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LOGGERHEAD BREW PUB AND RESTAURANT 2006 Vandalia Road, Greensboro\ 292-7676\ Overall rating: **\ Hours: 11 a.m.-1 a.m. Monday through Thursday, 11 a.m.-2 a.m. Friday and Saturday, noon-midnight Sunday. Reservations not accepted, except for large parties.\ Credit cards: Visa, MC, AmEx\ Sanitation grade: A (90.5)\ Food: - Scratch preparations in pub style.\ Atmosphere: ** - beer/sports decor.\ Service: ** - prompt and pleasant.\ Value: ** - Good food at very reasonable prices.\ Entree prices: $6.95-$10.95.\ Recommended: Homemade Beers; Homemade Potato Chips, Zucchini Wedges, Chicken Tenders, Pepper Jack Chilies, Spiced Shrimp; London Broil, Chicken Parmesan, Manicotti, Fish and Chips.\ Additional information: Handicapped accessibility - most dining on street level. One section two steps up. Non-smoking section available.\ What the ratings mean: No stars, poor; , acceptable; , good; , very good; , excellent; , outstanding.


Loggerhead represents a relatively new concept for the Triad. A glassed front allows a view into an array of stainless steel tanks, where Loggerhead brews five original beers - a regular, a pilsner, a light, an ale and a lager. The former two taste similar to their American counterparts, while the latter three are more full-bodied, yeastier and somewhat sweeter than most domestics. A sampler tray ($2.50) is offered. I liked all five, but my favorites were the Light Beer and a summer special, Wheat Beer.

Decor follows the beer and sports bar theme. The restaurant seems to draw a substantial crowd after 9 p.m. for live music. But the food is good enough to deserve a stronger following for meals, earlier in the evening.Consider the Potato Chips ($2.50, or to go along with several sandwiches). Now, I know people don't think of potato chips as gourmet food. But anything prepared from quality ingredients in a skillful, interesting way is gourmet to me. Loggerhead slices large, fresh potatoes thin, skin intact, then deftly fries them. They are wonderful.

Chicken Tenders ($4.50), or some similar product, are served all over town. But the ones I had at Loggerhead actually bore what seemed to be an original, slightly peppery batter, fried crisp. These actually tasted like real chicken, as opposed to a parts-is-parts product.

Zucchini Wedges ($3.95) consisted of lightly browned strips of fresh zucchini. Pepper Jack Chilies ($4.50) surpassed those at mass-market Mexican restaurants by containing cheese that actually tasted like real cheese, albeit spicy-hot. Onion Rings ($2.75) were tasty, but thick-cut; I prefer a lighter rendition.

Spiced Shrimp ($6.95/half pound, $11.95/pound) struck me as a winner, too. Larger-than-usual shrimp, very flavorful, had been boiled in a moderately spicy broth.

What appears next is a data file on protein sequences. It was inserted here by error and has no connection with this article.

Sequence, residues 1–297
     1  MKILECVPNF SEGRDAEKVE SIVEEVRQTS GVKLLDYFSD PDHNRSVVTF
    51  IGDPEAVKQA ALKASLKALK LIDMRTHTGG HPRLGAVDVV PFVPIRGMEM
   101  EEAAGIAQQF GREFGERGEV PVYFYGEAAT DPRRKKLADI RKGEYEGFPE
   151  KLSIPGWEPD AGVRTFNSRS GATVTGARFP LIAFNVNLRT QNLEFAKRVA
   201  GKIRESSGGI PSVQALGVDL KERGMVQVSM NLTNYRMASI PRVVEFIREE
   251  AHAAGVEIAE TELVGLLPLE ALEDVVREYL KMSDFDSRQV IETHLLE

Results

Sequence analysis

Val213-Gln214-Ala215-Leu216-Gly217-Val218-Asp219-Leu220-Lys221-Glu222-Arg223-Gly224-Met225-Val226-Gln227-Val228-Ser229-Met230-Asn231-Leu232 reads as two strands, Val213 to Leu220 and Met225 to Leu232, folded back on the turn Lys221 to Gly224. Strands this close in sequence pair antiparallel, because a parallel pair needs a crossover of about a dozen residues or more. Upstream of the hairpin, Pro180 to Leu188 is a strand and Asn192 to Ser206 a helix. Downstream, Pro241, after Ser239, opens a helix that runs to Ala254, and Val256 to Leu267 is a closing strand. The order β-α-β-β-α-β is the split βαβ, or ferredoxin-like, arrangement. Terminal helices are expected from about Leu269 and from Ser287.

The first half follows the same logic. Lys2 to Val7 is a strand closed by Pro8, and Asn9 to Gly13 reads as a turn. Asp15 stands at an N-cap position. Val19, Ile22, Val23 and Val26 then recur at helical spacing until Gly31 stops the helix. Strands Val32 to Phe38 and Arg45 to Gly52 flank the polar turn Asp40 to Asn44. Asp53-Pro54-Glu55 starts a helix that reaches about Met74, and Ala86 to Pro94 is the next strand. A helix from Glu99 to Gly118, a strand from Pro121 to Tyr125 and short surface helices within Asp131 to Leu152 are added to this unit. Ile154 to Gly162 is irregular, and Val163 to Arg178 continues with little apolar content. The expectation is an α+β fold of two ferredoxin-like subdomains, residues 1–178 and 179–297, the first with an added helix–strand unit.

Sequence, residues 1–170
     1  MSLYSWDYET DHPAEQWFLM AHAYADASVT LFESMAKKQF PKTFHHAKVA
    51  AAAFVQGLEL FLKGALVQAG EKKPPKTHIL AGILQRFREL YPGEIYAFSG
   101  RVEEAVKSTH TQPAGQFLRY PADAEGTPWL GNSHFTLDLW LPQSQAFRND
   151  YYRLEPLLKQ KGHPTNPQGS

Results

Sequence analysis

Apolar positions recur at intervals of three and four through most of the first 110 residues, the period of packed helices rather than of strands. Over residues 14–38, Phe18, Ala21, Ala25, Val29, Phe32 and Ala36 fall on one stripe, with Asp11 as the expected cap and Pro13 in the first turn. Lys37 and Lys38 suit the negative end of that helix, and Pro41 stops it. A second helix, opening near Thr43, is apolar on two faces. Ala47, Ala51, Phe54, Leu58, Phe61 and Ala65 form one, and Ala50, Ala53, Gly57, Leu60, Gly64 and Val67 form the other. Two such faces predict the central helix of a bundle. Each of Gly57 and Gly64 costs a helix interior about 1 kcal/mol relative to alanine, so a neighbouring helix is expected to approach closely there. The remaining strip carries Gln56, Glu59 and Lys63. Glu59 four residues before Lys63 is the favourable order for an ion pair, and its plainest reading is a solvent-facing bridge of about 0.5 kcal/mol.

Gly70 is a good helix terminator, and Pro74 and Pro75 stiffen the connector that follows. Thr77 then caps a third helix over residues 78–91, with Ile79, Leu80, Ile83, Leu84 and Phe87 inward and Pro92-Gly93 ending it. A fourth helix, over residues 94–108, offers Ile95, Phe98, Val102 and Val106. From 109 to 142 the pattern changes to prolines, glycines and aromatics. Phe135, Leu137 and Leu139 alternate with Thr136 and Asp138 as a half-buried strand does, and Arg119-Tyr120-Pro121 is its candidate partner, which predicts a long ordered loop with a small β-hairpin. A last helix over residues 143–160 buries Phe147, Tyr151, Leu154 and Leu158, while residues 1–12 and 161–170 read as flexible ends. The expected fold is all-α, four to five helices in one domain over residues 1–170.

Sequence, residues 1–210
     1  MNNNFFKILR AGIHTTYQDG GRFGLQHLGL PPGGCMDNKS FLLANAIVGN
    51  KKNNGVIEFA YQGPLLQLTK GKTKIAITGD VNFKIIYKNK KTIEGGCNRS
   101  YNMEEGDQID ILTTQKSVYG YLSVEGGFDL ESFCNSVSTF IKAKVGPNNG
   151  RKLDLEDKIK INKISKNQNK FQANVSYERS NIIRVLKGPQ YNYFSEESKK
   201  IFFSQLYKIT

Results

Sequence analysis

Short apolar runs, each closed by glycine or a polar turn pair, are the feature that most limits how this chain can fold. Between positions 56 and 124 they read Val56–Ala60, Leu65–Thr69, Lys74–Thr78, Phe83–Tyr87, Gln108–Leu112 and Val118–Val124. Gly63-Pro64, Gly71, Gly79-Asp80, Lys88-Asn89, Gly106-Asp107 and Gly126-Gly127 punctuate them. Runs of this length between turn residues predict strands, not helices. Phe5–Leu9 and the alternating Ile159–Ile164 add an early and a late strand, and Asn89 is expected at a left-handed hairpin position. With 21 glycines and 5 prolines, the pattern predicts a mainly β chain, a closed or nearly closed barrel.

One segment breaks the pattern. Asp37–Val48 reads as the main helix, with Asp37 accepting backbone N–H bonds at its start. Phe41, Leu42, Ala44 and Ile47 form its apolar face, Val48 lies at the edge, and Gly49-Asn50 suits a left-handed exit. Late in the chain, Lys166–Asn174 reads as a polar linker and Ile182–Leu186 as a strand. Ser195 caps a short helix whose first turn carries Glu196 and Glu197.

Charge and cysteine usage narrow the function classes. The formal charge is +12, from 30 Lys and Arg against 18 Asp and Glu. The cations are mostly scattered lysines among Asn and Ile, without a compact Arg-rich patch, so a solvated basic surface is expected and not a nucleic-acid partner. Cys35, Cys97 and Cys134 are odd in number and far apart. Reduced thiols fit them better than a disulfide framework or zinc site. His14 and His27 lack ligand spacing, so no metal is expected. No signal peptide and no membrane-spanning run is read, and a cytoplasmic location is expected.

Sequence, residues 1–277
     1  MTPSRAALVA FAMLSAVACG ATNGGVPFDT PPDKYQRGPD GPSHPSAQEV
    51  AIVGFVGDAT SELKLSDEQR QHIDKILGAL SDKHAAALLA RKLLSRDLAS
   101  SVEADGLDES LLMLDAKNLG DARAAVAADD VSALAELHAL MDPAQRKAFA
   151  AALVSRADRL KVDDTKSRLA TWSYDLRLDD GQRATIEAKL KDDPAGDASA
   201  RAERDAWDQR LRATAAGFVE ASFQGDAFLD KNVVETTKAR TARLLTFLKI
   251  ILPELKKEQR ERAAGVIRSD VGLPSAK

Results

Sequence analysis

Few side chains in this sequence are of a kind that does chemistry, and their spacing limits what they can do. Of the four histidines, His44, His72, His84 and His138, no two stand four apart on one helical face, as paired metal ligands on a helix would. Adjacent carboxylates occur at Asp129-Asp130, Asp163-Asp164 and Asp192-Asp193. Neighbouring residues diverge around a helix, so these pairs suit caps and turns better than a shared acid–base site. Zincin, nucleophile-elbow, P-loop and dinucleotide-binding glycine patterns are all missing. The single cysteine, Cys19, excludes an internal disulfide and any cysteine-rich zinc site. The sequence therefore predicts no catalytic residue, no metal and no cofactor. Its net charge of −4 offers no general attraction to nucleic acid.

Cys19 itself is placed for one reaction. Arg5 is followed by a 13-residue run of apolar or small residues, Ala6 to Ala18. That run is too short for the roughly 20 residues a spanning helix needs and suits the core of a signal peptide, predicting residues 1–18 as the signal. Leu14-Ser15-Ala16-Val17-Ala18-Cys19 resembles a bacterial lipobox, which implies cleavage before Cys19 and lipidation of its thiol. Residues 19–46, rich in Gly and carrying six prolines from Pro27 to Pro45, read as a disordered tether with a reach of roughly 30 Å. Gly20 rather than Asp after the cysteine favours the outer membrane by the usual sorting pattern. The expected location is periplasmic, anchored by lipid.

The potato in Turtle Shells ($4.50) bore a mealy, dry texture, though, with limited flavor. The skin did not generate much taste of its own, either, and neither did the cheese. About the only impact came from the smoky ground meat, accented a bit by clipped, fresh chives. This was the sole disappointment of my visits.

Any establishment of this type has to have a good burger. The Brewhouse Burger ($3.95 plus 25 cents per condiment) was pretty large, compared with most Triad renditions, and the beef flavor was good. The texture was fairly gristly, though, and the sesame seed bun looked as if someone in the kitchen had thought about toasting it, then changed his mind.

The entrees, though, gave positive impressions. Olde Cove Fish and Chips ($6.95) came with those homemade potato chips, so I was happy from the start. But the fried flounder impressed me, too - a moderately heavy batter covering fresh-tasting fish, fried just right, so that the interior remained steamy-moist.

London Broil ($10.95) arrived red in the center, with a dark brown exterior, as tender as a flank steak can be. I found the flavor of the thin slices pleasing, but I returned the serving for reheating. Get it hot the first time, guys!

Chicken Parmesan ($8.95) encased a chicken breast in a rich, slightly sweet, herbed tomato sauce with Parmesan cheese - kind of down-home. Manicotti ($7.95) used the same tomato sauce, but placed soft, herbed ricotta cheese between layers of pasta instead of chicken. I would order either of these again, especially at the price.

A special of Barbecued Chicken ($6.95) used a half breast, coated with smoke-flavored barbecue sauce - OK, but it wouldn't win any prizes in an eastern North Carolina cookoff.

All things considered, I enjoyed my recent visits to Loggerhead Brew Pub. Most restaurants in this style serve a lot of mass-produced products that are just reheated in the restaurant. But the dishes I praised above actually tasted as if they had been prepared from scratch. This is a great place for watching sports on one of several televisions. I had a choice between baseball, the Olympics and tennis, without moving my head more than a quarter turn! I could hang out here.

John Batchelor's restaurant reviews appear on the first four Fridays of each month in Weekend. If you have a comment about a restaurant, or want to announce an opening, personnel changes, or whatever, write to him at P.O. Box 583, Graham, NC 27253.


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